The story revolves around Rosie (Violet Nelson) and Aila (Tailfeathers), two women living in Vancouver. Aila, who has just gotten her first IUD and is a little bit nonplussed by the brusqueness of the procedure, encounters the pregnant Rosie on the street. Rosie is shaken and upset, and Aila quickly realizes that Rosie has fled an abusive partner. So she takes Rosie home, hoping to help her — and her unborn baby — find safety.
But it turns out that helping Rosie isn’t as straightforward as giving her clean clothes and calling around to find a spot for her in a shelter. She’s a complex person with a complicated life, and she isn’t necessarily looking for a savior. She finds Aila’s sympathy and attentions appealing, but she doesn’t want to be seen or treated as a victim. She’s simultaneously defiant and scared, vulnerable and full of bravado. Aila, meanwhile, very much wants to do the right thing — but what does that really entail?
Like life, The Body Remembers When the World Broke Open doesn’t offer easy answers. Sometimes people make choices that others can’t understand. Sometimes the known is easier than the unknown. But in telling Aila and Rosie’s story, the film offers a raw, honest look at the realities of domestic abuse and the power of reaching out to help someone in need. — Betsy Bozdech
Team #MOTW’s comments:
Leslie Combemale The uncomfortable silences, the big judgements and little mercies, those are just a few elements that bring cohesion and a rare authenticity to Canadian indie drama The Body Remembers When the World Broke Open. Co-writer/directors Elle-Máijá Tailfeathers and Kathleen Hepburn examine one small corner in the experience of domestic abuse through the encounter of two First Nations women with vastly different economic situations, and they do it nearly in real time, and almost entirely in one unbroken shot. Issues like bodily autonomy, the politics of abortion and the financial burden of motherhood for women with limited means, as well as racism as it is meted out to those who read more or less as “other” are considered and with sensitivity and insight. There is both a calmness and a bone-deep rage that permeate interactions between the two lead characters Rosie (Violet Nelson) and Áila (Elle-Máijá Tailfeathers), but their relationship, as it develops, is nuanced, complicated, and often deeply moving. The film speaks to the need for compassion for its own sake, not for how it is received, which is an essential lesson for these bizarre, challenging times.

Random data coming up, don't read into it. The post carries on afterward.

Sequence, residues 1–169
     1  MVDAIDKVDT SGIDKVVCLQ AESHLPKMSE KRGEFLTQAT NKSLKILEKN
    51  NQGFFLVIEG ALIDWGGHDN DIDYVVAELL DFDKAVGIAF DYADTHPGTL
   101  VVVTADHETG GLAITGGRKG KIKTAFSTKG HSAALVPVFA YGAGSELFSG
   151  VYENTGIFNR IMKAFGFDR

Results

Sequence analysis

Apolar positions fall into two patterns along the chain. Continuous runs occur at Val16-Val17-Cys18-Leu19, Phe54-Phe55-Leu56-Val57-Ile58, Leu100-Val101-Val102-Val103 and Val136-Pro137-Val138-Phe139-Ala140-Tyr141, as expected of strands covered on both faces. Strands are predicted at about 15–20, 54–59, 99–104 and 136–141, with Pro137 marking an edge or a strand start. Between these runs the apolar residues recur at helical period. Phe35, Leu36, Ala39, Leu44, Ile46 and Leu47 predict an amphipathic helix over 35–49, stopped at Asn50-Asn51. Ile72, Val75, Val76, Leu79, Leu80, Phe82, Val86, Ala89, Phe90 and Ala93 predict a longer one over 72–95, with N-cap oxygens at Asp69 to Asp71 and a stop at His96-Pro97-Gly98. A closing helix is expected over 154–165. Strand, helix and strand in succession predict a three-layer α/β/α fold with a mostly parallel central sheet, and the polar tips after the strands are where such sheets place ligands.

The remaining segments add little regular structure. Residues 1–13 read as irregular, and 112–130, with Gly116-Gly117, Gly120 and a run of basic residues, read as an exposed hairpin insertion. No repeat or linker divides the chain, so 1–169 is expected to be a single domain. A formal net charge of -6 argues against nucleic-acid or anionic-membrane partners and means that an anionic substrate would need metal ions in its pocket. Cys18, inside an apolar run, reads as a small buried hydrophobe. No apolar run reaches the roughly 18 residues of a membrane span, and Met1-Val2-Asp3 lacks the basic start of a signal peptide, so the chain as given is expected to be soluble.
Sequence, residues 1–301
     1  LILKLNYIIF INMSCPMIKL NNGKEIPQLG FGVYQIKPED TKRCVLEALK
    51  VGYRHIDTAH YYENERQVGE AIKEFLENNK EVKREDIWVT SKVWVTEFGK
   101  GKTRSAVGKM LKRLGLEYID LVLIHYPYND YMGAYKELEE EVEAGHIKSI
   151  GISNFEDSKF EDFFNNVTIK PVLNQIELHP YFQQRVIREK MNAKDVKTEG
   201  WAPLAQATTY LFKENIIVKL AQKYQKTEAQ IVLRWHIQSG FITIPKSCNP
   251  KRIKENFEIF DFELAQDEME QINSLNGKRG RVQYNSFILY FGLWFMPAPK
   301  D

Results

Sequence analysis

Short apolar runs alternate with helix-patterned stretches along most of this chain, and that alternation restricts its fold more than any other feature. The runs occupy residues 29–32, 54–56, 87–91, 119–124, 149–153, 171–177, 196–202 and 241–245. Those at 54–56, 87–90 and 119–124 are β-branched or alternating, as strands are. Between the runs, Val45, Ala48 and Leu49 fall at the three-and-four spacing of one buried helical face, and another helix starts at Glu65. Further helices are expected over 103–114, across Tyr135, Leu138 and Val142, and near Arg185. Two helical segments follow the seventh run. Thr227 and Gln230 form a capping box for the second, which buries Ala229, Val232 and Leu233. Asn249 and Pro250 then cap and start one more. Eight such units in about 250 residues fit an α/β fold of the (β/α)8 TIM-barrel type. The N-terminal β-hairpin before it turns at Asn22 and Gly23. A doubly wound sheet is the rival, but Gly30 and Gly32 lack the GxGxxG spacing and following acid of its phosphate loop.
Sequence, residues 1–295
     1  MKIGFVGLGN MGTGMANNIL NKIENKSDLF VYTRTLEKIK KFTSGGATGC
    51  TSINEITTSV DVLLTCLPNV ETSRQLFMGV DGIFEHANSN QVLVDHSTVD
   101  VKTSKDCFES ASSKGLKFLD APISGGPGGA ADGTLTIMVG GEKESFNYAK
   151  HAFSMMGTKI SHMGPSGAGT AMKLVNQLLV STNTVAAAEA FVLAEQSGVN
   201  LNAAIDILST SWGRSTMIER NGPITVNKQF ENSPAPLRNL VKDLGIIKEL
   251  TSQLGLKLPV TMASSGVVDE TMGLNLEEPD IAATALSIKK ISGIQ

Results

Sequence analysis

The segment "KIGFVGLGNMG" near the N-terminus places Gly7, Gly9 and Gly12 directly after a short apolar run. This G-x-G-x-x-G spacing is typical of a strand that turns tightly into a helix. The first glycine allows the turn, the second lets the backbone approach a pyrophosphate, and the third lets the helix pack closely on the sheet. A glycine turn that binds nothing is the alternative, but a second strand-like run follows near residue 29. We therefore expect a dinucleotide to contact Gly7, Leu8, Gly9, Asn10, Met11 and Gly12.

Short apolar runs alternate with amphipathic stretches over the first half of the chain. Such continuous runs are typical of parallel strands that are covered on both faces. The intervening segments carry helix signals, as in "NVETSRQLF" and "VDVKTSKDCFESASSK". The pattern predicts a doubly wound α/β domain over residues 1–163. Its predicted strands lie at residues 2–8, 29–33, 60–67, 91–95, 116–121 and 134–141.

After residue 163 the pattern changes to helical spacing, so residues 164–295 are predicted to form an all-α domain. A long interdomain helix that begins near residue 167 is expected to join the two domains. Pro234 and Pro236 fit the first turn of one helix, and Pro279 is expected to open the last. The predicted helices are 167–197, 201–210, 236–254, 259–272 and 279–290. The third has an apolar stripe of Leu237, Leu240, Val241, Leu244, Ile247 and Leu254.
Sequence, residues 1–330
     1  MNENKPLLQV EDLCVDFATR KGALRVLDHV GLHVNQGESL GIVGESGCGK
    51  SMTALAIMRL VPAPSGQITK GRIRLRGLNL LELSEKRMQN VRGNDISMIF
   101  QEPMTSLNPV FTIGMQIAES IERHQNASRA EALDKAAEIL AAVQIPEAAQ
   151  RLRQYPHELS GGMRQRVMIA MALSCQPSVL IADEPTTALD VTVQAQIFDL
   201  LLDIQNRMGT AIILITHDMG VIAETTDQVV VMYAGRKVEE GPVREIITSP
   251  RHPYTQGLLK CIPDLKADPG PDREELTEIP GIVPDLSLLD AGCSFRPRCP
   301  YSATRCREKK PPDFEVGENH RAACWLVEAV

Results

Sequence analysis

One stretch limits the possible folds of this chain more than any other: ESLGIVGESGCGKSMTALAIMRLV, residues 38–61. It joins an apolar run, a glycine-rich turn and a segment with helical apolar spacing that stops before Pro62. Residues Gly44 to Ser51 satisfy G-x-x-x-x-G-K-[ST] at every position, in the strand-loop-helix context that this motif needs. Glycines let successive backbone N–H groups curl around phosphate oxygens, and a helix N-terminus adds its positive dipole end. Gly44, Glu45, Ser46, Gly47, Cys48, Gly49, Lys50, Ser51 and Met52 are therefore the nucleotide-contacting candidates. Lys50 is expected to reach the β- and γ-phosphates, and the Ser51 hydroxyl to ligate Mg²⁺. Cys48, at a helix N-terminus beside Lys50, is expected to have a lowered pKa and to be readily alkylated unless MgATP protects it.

Pam Grady: A boyfriend’s latest violent onslaught sends pregnant Rosie (Violet Nelson) fleeing into the streets of Vancouver, shoeless, where she meets Aila (Elle-Máijá Tailfeathers) in Tailfeathers and Kathleen Hepburn’s fraught, intimate feature. The drama is framed largely as a tracking shot that intensifies ever increasing tension and a profound feeling of discomfiture between the two women who are both indigenous, but otherwise have nothing in common. In particular, while shining a light on the challenges involved in confronting domestic abuse, the film also focuses on the conflict that arises out of the women’s differences. Class plays a big role – struggling Rosie is suspicious of this middle-class woman’s meddling in her life and sees her offer to help as condescension. Aila genuinely wants to aid this stranger and her unborn baby and get them out of a terrible situation, but her well-intentioned concern only stokes Rosie’s resentment. Like Aila, the viewer can only watch as Rosie struggles with a choice between a leap into a future she is unable to fathom or a return to the peril of the life she knows in a drama that is as unsettling as it is compelling.
MaryAnn Johanson This is an extraordinary film, a heartbreaking portrait of a frustrating situation that all too many women find themselves in — on both sides of the dynamic here — yet which we rarely see depicted onscreen. The fact that the movie is almost one long (seemingly?) uncut take unraveling in real time means we get no respite from the ordinary nightmare as it unfolds before us: we are made complicit partners in events. We are like Aila, unable to look away, desperate to help, yet fundamentally helpless in the face of the impossible situation that Rosie is in. There can be no happy ending here, and, indeed, there is not.